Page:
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A reference for Used and Rare Books, Periodicals, and Paper Ephemera courtesy of an International Co-Op of Independent Dealers.
 
 
 
Ben Hogan
 
 
Sample Autograph Signature:
 
Ben  Hogan signature
 
Ben Hogan
 
American professional golfer considered among the three greatest of all time. William Benjamin Hogan ( � ) was born in Texas. His father committed suicide when he was 9 years old leaving his mother to raise a family of three children on her own. Hogan helped supplement the family's income by selling newspapers and odd jobs, one of which was caddying at a nearby golf club when he was eleven. In , he gave up his job as a bank clerk to become a professional golfer, joining the U. S. Tour two years later. He was unsuccessful in this effort as well as another attempt two years later. Hogan again returned to the tour in and became the tour's leading money winner in , and . During World War II, Hogan was in U.S Army, but after his discharge in August , he won his first major, taking the PGA title in . Two years later, Hogan won another PGA and his first U.S. Open. Between the years of through , Hogan won professional golf tournaments despite his career being further interrupted by a near-fatal car accident in . After the accident, Hogan didn't play more than seven tournaments a year, yet won more tournaments. After his retirement in , he founded Ben Hogan Golf, a golf equipment manufacturing company (now owned by the Callaway Golf Company). With Herbert Warren Wind, he co-authored Five Lessons: The Modern Fundamentals of Golf, perhaps the most widely-read and quoted golf tutorial ever written. It was initially released as a five part series beginning in the March issue of Sports Illustrated magazine, and later that year published as a book. Hogan was inducted into the World Golf Hall of Fame in , and, in , received the Bob Jones Award, the highest honor given by the U. S. Golf Association in recognition of distinguished sportsmanship in golf.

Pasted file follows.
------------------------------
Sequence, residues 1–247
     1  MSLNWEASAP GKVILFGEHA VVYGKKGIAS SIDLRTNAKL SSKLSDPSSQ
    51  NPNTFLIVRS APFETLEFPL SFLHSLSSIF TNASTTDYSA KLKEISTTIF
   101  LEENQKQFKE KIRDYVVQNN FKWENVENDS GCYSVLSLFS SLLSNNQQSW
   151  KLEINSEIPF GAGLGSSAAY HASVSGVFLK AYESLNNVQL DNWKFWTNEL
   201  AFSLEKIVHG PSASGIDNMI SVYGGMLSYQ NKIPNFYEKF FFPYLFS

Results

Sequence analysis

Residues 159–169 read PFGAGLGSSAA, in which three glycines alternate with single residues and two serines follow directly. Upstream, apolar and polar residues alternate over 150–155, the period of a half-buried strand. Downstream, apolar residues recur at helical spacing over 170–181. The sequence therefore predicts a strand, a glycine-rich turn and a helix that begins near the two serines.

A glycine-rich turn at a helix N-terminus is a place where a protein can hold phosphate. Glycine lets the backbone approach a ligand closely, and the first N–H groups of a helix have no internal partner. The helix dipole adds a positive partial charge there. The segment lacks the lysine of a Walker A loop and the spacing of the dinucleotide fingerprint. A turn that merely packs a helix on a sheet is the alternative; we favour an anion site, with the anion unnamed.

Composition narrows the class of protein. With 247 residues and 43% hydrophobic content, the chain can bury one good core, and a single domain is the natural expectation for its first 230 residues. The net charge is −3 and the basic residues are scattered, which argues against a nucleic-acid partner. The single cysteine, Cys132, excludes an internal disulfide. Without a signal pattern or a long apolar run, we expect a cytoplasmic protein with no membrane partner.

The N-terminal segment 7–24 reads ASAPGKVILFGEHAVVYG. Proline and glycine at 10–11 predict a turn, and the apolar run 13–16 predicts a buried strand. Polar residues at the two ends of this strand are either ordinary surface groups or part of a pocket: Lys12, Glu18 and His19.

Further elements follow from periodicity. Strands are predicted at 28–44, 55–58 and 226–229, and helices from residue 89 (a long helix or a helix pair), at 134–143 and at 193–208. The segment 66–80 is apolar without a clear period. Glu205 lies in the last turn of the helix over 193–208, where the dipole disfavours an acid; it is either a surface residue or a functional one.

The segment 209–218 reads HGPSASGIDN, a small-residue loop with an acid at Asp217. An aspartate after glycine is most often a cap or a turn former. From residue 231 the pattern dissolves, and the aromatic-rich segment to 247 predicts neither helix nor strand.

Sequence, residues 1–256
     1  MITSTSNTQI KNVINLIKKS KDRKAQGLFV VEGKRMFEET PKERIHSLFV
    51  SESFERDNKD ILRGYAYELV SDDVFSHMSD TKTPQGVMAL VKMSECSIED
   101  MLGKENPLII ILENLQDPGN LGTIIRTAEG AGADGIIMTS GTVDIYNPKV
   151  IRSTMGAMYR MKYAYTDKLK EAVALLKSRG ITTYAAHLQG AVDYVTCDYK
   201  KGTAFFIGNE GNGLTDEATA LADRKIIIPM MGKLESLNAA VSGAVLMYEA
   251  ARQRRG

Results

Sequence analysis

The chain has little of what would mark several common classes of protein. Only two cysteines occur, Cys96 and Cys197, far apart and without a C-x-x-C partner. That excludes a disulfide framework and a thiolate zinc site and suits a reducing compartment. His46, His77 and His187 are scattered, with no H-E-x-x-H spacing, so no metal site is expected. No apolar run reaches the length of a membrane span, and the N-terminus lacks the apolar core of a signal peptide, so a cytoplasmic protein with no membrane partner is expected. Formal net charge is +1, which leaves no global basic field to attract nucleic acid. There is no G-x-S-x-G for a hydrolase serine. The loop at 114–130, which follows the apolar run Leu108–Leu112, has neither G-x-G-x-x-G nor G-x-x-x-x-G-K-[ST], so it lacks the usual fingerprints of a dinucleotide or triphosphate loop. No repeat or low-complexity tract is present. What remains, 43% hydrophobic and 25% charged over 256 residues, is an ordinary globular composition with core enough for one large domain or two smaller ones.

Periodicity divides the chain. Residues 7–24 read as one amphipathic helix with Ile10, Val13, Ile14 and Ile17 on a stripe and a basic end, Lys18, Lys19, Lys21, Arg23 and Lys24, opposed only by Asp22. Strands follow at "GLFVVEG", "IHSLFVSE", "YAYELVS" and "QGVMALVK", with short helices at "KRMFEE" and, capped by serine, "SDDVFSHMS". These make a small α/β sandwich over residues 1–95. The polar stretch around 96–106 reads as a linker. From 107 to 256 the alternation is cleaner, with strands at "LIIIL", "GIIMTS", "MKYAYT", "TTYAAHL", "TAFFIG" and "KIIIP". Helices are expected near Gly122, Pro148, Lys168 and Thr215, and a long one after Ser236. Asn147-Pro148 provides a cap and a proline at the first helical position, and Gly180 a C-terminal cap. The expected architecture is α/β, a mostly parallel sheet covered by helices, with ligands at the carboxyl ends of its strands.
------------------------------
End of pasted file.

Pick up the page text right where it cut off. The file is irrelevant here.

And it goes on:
Please note that while we have reason to be confident that the signature is genuine by virtue of its source, it has not undergone any expert examination or verification. Accordingly, TomFolio does not guarantee the authenticity, nor can a comparison of a signature with this example exclude the possibility of an autopen, a printed facsimile, or a reasonably capable forgery.
 
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